Hi Riley. Thank you for joining me today. Your new book is called Last Time I Lied and was released in the UK on 10th July by Ebury Publishing. Can you tell me about it?
LAST TIME I LIED is about an artist named Emma who went to a fancy all-girl’s camp when she was 13 and watched her three cabinmates leave in the middle of the night. They never returned.
Fifteen years later, she returns to that same camp as a painting instructor, hoping to learn more about what happened to her friends. Nothing goes according to plan. I think of it as my version of “Picnic at Hanging Rock.”
What’s your writing process like from idea, to planning, to writing and finally editing?
For me, it varies from book to book. FINAL GIRLS, for example, was a bolt of lightning. From writing to revising to finding it a good home, everything about that book was fast. I’m usually much slower. Once I get an idea, I spend a lot of time thinking, taking notes and trying to figure out how to turn it into a book.
LAST TIME I LIED took twice as long to write because I still didn’t quite know what to do with it even after I started written. Like some of the characters in the book, I spent a lot of time lost in the woods, trying to find my way out.
What advice do you have for when you’ve finished your book and want to try and get it published?
The act of trying to get a book published can be so difficult that it’s easy to overlook the obvious—You’ve written a book! It’s such a huge accomplishment that quickly gets overshadowed by the rest of it. So I advise writers to remember to pat themselves on the back.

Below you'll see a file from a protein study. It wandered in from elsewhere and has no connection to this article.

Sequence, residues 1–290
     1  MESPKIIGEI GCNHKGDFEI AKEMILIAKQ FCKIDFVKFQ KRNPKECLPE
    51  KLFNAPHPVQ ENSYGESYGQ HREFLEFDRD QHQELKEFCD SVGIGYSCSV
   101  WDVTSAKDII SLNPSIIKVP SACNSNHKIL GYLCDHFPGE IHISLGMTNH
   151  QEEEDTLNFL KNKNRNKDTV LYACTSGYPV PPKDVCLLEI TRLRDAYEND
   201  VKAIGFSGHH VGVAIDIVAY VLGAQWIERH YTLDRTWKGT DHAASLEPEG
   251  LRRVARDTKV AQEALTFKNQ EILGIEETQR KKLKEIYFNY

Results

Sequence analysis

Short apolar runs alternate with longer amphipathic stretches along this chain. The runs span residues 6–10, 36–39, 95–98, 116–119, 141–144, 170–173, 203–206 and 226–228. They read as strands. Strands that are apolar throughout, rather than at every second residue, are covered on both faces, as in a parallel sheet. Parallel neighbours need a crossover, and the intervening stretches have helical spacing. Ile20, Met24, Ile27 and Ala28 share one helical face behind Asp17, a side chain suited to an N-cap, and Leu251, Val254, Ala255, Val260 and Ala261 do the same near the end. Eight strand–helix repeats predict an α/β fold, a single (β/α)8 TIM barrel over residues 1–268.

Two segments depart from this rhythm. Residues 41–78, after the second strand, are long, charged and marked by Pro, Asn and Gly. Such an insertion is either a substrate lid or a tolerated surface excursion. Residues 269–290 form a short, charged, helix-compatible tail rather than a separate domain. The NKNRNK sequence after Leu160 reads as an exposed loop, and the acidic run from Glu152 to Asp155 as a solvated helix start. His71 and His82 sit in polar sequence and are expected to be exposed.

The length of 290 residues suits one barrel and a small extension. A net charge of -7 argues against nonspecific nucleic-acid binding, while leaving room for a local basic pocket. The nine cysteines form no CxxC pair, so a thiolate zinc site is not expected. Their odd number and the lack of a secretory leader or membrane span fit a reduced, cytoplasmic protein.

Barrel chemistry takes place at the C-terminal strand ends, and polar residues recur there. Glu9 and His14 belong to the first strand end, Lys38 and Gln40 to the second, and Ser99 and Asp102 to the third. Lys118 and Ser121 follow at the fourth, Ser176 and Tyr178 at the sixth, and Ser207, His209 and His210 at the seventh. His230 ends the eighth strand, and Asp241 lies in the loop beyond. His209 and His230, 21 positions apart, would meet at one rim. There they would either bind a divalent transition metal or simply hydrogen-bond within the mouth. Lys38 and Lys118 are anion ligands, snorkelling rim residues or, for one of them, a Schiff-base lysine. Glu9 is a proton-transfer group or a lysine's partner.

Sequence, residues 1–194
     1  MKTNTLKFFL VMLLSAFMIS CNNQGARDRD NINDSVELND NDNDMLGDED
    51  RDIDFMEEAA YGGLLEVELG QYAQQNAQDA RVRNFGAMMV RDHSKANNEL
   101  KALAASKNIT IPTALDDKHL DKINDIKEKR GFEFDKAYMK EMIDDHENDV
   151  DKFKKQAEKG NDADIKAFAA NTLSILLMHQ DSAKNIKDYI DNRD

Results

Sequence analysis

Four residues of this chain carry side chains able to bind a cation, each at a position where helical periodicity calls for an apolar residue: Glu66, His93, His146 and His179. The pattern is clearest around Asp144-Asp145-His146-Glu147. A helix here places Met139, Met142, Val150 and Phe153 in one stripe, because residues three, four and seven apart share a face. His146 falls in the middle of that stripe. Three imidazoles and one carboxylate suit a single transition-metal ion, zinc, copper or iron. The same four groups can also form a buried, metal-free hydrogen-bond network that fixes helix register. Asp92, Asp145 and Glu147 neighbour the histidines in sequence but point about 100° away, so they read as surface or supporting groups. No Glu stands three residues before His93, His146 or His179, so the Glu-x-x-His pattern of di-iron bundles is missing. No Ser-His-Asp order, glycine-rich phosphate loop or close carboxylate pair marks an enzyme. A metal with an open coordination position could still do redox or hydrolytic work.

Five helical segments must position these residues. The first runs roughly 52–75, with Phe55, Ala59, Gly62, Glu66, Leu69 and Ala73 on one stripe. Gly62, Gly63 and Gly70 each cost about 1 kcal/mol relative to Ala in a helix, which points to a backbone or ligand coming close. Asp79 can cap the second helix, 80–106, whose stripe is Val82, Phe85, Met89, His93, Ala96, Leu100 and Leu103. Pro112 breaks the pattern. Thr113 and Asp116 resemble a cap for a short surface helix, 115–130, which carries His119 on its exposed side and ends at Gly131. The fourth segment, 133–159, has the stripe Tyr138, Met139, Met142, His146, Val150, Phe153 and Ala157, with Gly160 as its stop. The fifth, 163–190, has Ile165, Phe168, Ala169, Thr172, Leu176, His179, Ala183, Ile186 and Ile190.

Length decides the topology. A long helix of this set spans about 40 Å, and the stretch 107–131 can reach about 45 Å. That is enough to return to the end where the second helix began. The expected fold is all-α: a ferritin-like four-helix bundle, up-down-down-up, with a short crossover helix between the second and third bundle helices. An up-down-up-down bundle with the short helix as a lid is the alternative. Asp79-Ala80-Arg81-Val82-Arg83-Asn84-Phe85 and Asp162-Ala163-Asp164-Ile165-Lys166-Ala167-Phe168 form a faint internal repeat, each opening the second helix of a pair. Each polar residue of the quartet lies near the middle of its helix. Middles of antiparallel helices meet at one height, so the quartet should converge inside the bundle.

There’s a lot of negative involved in trying to get a book published. Rejections come fast and furious. At least they did for me. And I wish I had taken the time to be more proud of what I’d already accomplished instead of agonizing over what I had yet to accomplish.
Which fictional character would you like to meet and why?
Mary Poppins. She’d fly in, we’d go on a grand adventure and when it’s over I’ll hopefully have learned an important life lesson or two.
Do you have advice for someone who may be experiencing writer’s block?
I find reading helps. Just pick up a book, open it and start reading. If it’s good, you’ll be inspired to be just as good. But I’ve found it’s more helpful if the book is bad. Because I can tell myself, “If this dreck can get published, then what I’m doing also has a fair shot of making it!”
What are you currently working on?
I can’t say very much. It’s still a work in progress and I’m still trying to figure it out. But it features a very ornate, very famous apartment building in New York City where horrible things happen.
What’s your favourite word and why?
Love. It’s such a simple world, but it can encompass and mean so many different things. We live in such a fractured world right now that I think more love would help things considerably.
What other advice do you have for a new writer?
Just to keep writing, even when you don’t want to or don’t think you’ll ever succeed. Someone asked me this on Twitter the other day, and I shared my own journey to publication.
It took me 20 years, 100 agent rejections, three unpublished novels and five published ones written under three different names until I became what the industry would refer to as “an overnight success.” The only reason that happened is because I refused to quit.
What do you think is more important, plot or character?
I try to give them equal weight. Since I work in the thriller genre, plot is very important. I need to keep it moving, keep the surprises coming and give the reader their money’s worth.
Yet a writer can have the most ingenious plot in the world and it doesn’t matter because the characters just don’t resonate.